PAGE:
By the time I was able to really focus on this sequence and understood the problems, it was too late. We were married to what we had physically shot on stage and the (extremely expensive) VFX already being built in our pipeline.** So I decided to let it go and wrote it off to dramatic license.
And that’s what bugs me more than anything else.
It’s far too easy in TV/film science fiction to ditch reality for (what you perceive to be or rationalize is) the sake of drama. In a fantasy space opera, this is forgivable, but for a show like The Expanse that prides itself on a realistic portrayal of space, it is not.
I did finally come up with an alternative sequence, one that would’ve better reflected reality and been far more exciting to boot… but by that time it was too late to change what we had. For the record, what I should have done was this:
1) Change the moon we picked to another one (with a pretty, girl’s name, of course) that was much closer to Ganymede (this would’ve required changing a few words of Alex’s dialogue, but that wouldn’t have been difficult to do);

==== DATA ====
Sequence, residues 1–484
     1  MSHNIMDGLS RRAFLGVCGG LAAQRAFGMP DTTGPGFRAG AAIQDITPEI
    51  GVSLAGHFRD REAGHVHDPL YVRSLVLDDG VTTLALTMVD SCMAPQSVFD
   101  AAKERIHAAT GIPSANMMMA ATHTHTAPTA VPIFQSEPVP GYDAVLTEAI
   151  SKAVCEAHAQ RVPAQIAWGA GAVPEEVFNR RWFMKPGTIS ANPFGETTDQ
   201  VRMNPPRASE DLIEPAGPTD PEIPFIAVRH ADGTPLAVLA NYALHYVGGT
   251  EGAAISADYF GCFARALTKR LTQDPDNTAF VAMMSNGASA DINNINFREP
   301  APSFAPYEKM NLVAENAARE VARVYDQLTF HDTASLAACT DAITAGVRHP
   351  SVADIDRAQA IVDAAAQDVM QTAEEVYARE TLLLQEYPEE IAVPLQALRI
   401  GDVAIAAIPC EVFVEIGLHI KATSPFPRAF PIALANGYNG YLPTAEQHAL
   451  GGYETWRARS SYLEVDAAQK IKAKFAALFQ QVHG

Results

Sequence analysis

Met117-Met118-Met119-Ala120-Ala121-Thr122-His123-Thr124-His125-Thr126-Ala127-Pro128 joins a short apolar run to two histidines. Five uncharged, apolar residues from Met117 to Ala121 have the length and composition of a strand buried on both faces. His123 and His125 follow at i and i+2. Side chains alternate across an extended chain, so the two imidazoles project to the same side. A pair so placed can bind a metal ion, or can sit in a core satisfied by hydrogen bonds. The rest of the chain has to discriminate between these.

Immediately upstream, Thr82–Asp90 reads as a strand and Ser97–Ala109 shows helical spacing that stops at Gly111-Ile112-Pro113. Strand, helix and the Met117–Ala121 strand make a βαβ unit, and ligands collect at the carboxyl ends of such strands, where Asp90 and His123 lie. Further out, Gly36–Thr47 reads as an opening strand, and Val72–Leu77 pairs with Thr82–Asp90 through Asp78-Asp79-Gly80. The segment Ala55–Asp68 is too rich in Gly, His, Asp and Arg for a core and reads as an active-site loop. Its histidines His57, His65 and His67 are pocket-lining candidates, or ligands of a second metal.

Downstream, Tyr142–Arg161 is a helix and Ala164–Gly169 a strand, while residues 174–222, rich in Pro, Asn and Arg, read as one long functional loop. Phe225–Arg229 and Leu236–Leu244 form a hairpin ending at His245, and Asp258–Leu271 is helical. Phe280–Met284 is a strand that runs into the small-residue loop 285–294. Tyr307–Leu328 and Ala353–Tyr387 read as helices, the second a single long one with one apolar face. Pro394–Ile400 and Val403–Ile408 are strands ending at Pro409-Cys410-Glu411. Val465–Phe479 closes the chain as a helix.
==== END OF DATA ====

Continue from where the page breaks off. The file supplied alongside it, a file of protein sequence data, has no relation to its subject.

2) Build the flight sequence around a single event: a complex trajectory adjustment around one moon, perhaps involving a dangerously close pass over the surface, with a limited window for Alex to complete the maneuver, which gets further complicated by the appearance of an unexpected patrol ship. Remember that terrific sequence in Apollo 13 in which James Lovell (Tom Hanks) has to hit a tiny re-entry window on manual control? This could’ve been as riveting like that.
As they say, that and a buck will buy me a coke (though I would much prefer a martini).
But stayed tuned. We’re planning another slingshot sequence, far more elaborate than this one, in season 3. I’ll make sure we get the science (at least mostly) right.
*Ludicrous even by our own standards. One area where The Expanse consistently takes big liberties with physical reality is time-to-travel. The novels don’t do this, but they have the luxury of literary devices like interior monologue; in TV, you tend to cut out the parts where things aren’t happening. The series adaptation of Game of Thrones also often significantly compresses time and distances for the same reason, so at least we’re in good company.
**The accounting department at our studio often refers to the show as “The Expense”.
by Ty Franck
So this happened!
Thank you everyone. A lot of people worked very hard on this show, and it’s so gratifying to see that their efforts resonated with the fans.
And here’s the Season 3 writer’s room starting up!
by Ty Franck
So I get asked these things a lot, and the answers are too long for twitter, so here they are:
Q: Does the internet exist in The Expanse? How does it work?